Review of the Strontium Nitro Plus micro-SDXC memory card

I routinely get my hands on a lot of IT hardware and gadgets in the course of my writing and blogging. Out of sheer necessity, I typically form an opinion of new products and services within a very short period of time. While I am mostly correct in my quick appraisals, there were occasions where an item I deemed as “so-so” turned out to be a gem.This was the case with the Nitro Plus Micro SDXC flash memory card, a product I almost turned down for being “just another memory card”.

Strontium Nitro microSDXC cardDespite its lesser known brand in a world of SanDisk and Kingston, the Strontium Nitro Plus Micro SDXC card offers UHS-1 Class 3 performance for an impressive rated performance of 80MB/sec read and 60MB/sec write. In theory, this means that the card is more than capable of supporting 4K Ultra HD (3840×2160) recording, which requires at least 30MB/sec.

The Nitro Plus memory card is available in capacities of 16GB, 32GB and 64GB, and the bundle includes a USB reader and SD card adapter. The product also comes with a full version of MyBackup Pro Android backup app worth US$4.99, though I did not test it.

So how did it perform? I think the benchmark numbers say it all.

Benchmark tests

As you can see, CrystalDiskMark gave the Nitro Plus 77MB/s for read and 60.7MB/s, which gave it a write performance is just a whisker faster than the advertised speed. All tests were conducted on a Lenovo X240 ultrabook, which comes with USB 3.0 slots and a built-in SD-card reader.

(I did configure CrystalDiskMark to what I consider a more real-world setting with the use of a 100MB test file)

Benchmark of Strontium micro-SD card in SD adapter

Benchmark of Strontium micro-SDXC card using included SD adapter

Benchmark of Strontium micro-SD card in USB adapter (USB 3.0 port)

Benchmark of Strontium micro-SD card using included USB adapter (USB 3.0 port)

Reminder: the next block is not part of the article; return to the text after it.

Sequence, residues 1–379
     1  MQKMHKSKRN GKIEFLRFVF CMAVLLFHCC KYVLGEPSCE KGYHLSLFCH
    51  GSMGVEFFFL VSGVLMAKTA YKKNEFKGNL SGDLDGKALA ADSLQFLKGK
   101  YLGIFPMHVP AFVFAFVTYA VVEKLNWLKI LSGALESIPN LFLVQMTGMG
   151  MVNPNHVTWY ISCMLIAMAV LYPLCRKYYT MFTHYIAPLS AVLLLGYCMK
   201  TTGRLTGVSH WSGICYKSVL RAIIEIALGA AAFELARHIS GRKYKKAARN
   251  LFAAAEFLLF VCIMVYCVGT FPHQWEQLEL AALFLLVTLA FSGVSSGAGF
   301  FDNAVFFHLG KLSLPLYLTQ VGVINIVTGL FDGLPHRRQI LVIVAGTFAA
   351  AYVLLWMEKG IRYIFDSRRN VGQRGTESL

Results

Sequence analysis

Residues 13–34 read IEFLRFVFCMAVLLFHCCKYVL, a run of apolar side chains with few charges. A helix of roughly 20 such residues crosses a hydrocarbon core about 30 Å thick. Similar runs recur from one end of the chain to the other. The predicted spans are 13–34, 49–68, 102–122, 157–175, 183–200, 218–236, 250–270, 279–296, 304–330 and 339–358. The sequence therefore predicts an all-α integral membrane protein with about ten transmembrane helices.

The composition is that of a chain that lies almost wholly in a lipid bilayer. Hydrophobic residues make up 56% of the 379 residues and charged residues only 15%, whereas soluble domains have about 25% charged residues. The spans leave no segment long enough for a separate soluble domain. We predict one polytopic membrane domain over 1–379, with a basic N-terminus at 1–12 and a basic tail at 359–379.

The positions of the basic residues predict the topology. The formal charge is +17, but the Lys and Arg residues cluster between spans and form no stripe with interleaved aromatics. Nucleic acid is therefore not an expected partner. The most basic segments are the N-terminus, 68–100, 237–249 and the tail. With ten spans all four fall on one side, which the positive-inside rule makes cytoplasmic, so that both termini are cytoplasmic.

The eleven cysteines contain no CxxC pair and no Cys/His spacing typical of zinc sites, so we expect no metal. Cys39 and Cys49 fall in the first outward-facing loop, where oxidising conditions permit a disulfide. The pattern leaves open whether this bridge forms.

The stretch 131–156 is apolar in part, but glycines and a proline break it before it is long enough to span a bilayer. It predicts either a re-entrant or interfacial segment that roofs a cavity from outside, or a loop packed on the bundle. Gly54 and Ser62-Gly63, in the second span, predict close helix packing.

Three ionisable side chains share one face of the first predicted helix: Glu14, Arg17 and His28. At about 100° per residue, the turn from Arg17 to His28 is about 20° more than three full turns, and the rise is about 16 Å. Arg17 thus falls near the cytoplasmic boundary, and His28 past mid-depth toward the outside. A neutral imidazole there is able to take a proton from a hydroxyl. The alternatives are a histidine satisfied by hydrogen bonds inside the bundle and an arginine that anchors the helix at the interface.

I also tested a couple of other external flash memory cards for comparison, specifically a 64GB Leef UHS-1 Pro SD card and a 64GB Lexar JumpDrive M10 Secure USB 3.0 Flash Drive.

Benchmark of Leef UHS-1 Pro SD Card

Benchmark of Leef UHS-1 Pro SD Card

Benchmark of Lexar JumpDrive M10 Secure USB 3.0 Flash Drive (USB 3.0 port)

Benchmark of Lexar JumpDrive M10 Secure USB 3.0 Flash Drive (USB 3.0 port)

Pros

  • Wicketly fast performance
  • Comes with a USB adapter for use as a flash drive
  • Included SD card sleeve for use with laptops, with handy read-only lock

Con

  • Bundled USB adapter makes the memory card slower
  • Largest Nitro Plus flash memory card tops off at 64GB

Conclusion

While most would peg the higher price of the Nitro Plus as a disadvantage, I believe in paying for performance. As it is, the price of US$98 for the 64GB card is not unreasonable for the sheer performance that you get. Of course, I do need to point out that your normal smartphone may not necessarily benefit from the raw performance that the Nitro Plus is capable of.

As it is, a superbly fast micro-SD card makes perfect sense on an SD-card equipped laptop, especially on space-constrained SSD models. In addition, an increasing number of tablet devices such as the Microsoft Surface Pro 3 could use a fast storage card to bolster its on-board storage capacity.

In fact, I’m currently testing out the Strontium Nitro microSDXC memory card in a review unit of the Surface Pro 3 right now. Stay tuned to hear my thoughts on that soon.

By | 2016-02-23T09:18:48+00:00 September 2nd, 2014|Categories: Review|Tags: , , , , , , |Comments Off on Review of the Strontium Nitro Plus micro-SDXC memory card

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